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Iran Issues New Arrest Warrant for Donald Trump, 47 US Officials Over Drone Strike on Top General

Tensions between the U.S. and Iran are rising once again.

Elias Marat

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Iran has issued a second arrest warrant for President Donald Trump and dozens of other U.S. officials, submitted a “red notice” to Interpol requesting that the international police agency intervene and bring them to justice for the killing of a top Iranian commander last year.

On Tuesday, spokesman for the Iranian judiciary Gholamhossein Esmaili told reporters that the Islamic Republic had requested that the global police organization arrest Trump and 47 other U.S. officials identified as playing some role in the assassination of top Iranian Revolutionary Guard Corps (IRGC) Lt. Gen. Qassem Soleimani in Baghdad on Jan. 3, 2020.

“The Islamic Republic of Iran is very seriously following up on pursuing and punishing those who ordered and executed this crime,” Esmaili said in a press briefing, reports Al Jazeera.

The general was one of Iran’s top military officials and was charged with heading the foreign operations arm of the IRGC. Lieutenant General Soleimani played a crucial role in Iran’s counter-terrorism efforts against foreign-backed groups such as the Islamic State group (ISIS) in Iraq and Syria.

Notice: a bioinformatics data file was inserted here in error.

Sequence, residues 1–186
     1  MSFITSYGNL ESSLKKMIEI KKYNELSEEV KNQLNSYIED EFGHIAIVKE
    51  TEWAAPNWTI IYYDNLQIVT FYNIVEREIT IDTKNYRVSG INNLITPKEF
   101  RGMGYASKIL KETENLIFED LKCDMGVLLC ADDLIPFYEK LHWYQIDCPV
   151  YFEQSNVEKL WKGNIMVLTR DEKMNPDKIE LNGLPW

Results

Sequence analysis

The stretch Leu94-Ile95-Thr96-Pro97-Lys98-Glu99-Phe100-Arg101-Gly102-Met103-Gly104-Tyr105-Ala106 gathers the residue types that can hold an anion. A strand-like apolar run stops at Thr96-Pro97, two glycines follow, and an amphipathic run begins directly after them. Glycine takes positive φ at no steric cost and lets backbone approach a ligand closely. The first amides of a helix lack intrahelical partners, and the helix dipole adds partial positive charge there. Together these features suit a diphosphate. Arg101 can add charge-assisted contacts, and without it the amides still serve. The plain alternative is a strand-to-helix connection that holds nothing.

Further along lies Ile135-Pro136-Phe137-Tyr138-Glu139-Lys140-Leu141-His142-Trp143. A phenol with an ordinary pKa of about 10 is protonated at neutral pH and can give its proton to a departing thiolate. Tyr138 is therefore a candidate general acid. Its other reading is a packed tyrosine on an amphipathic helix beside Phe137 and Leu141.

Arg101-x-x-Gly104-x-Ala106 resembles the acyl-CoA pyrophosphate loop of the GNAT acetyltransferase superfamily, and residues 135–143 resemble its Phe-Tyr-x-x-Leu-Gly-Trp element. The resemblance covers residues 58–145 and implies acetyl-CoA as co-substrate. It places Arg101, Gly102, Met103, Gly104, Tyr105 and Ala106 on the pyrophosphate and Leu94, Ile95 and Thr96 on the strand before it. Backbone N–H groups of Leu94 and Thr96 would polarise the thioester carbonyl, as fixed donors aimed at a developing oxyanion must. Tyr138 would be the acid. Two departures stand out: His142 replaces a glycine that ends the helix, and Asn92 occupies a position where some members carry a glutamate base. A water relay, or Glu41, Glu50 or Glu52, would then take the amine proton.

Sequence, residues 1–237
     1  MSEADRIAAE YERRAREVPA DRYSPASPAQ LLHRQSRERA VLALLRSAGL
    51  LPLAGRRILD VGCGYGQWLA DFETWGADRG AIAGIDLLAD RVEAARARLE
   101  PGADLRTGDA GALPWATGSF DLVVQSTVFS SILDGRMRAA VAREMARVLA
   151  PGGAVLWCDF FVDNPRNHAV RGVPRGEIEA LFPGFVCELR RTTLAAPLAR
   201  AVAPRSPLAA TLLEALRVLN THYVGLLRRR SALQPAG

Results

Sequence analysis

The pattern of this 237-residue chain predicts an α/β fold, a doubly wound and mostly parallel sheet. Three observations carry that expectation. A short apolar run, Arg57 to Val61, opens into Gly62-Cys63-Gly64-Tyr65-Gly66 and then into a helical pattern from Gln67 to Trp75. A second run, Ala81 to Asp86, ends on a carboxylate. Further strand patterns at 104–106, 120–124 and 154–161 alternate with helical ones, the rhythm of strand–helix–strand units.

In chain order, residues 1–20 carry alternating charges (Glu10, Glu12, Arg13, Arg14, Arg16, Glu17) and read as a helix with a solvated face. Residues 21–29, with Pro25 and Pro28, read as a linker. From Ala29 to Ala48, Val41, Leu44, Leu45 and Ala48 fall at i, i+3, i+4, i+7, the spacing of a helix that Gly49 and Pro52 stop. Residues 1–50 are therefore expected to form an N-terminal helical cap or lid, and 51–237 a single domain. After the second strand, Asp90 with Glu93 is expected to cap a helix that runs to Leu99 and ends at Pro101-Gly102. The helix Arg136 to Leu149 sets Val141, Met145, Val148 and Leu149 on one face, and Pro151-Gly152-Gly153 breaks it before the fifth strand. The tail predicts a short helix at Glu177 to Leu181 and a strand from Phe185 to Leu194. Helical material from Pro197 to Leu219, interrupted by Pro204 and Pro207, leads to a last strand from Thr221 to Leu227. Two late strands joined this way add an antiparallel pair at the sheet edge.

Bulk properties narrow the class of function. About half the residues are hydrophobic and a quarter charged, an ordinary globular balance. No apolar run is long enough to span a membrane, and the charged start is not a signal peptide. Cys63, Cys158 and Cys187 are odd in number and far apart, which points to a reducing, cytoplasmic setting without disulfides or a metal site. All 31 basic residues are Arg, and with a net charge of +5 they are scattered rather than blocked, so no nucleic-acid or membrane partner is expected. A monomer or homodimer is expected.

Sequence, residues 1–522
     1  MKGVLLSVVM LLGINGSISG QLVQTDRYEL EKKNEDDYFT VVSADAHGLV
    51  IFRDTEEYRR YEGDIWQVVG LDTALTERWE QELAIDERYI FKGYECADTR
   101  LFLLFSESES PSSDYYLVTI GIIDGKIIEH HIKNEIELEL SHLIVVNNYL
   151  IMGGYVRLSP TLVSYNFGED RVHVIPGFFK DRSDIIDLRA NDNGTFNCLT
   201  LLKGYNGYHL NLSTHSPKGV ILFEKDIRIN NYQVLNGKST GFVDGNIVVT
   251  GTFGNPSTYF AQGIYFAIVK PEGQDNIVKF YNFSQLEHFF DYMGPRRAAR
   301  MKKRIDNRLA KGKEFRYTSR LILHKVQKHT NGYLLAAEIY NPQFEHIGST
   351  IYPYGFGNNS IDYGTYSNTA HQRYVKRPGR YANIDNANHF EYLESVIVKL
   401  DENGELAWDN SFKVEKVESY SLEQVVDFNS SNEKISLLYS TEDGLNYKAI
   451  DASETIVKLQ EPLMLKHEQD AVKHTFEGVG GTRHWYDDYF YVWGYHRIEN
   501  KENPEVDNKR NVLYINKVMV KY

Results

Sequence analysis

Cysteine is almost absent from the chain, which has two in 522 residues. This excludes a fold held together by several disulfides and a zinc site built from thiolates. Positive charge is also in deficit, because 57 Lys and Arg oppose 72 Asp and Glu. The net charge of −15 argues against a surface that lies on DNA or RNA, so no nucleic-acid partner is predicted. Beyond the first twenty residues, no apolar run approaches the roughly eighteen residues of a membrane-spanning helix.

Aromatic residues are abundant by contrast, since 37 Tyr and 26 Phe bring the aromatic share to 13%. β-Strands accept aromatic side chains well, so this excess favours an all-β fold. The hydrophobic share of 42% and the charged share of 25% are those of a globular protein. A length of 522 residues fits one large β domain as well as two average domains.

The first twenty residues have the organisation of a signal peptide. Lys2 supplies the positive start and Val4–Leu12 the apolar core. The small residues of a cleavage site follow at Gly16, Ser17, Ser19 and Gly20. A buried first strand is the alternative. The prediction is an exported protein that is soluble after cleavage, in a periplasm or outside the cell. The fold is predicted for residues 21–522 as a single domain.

The top commander was assassinated in a drone strike on the Iraqi capital directly ordered by Trump.

The unprecedented killing of the Iranian military official was criticized in many western capitals, and has been deemed to be against international law by Agnes Callamard, the United Nations Special Rapporteur on extrajudicial, summary or arbitrary executions.

Iran has vowed to bring those responsible for the assassination to justice, with the country’s foreign ministry marking the anniversary of Soleimani’s killing by blasting the White House as having “committed a great act of folly” that would result in them being the “main losers,” reports Iranian state-owned news network PressTV.

“The United States thinks it can influence the public opinion by assassinating people, but the history has proven this policy to be futile,” Foreign Ministry Spokesman Saeed Khatibzadeh said over the weekend.

This isn’t the first time that Iran has sought to request an international arrest warrant for Trump and dozens of top military officials.

In June, Iranian prosecutor Ali Alqasimehr issued a warrant for the arrest of Trump and dozens of other U.S. officials on the basis of “murder and terrorism charges.”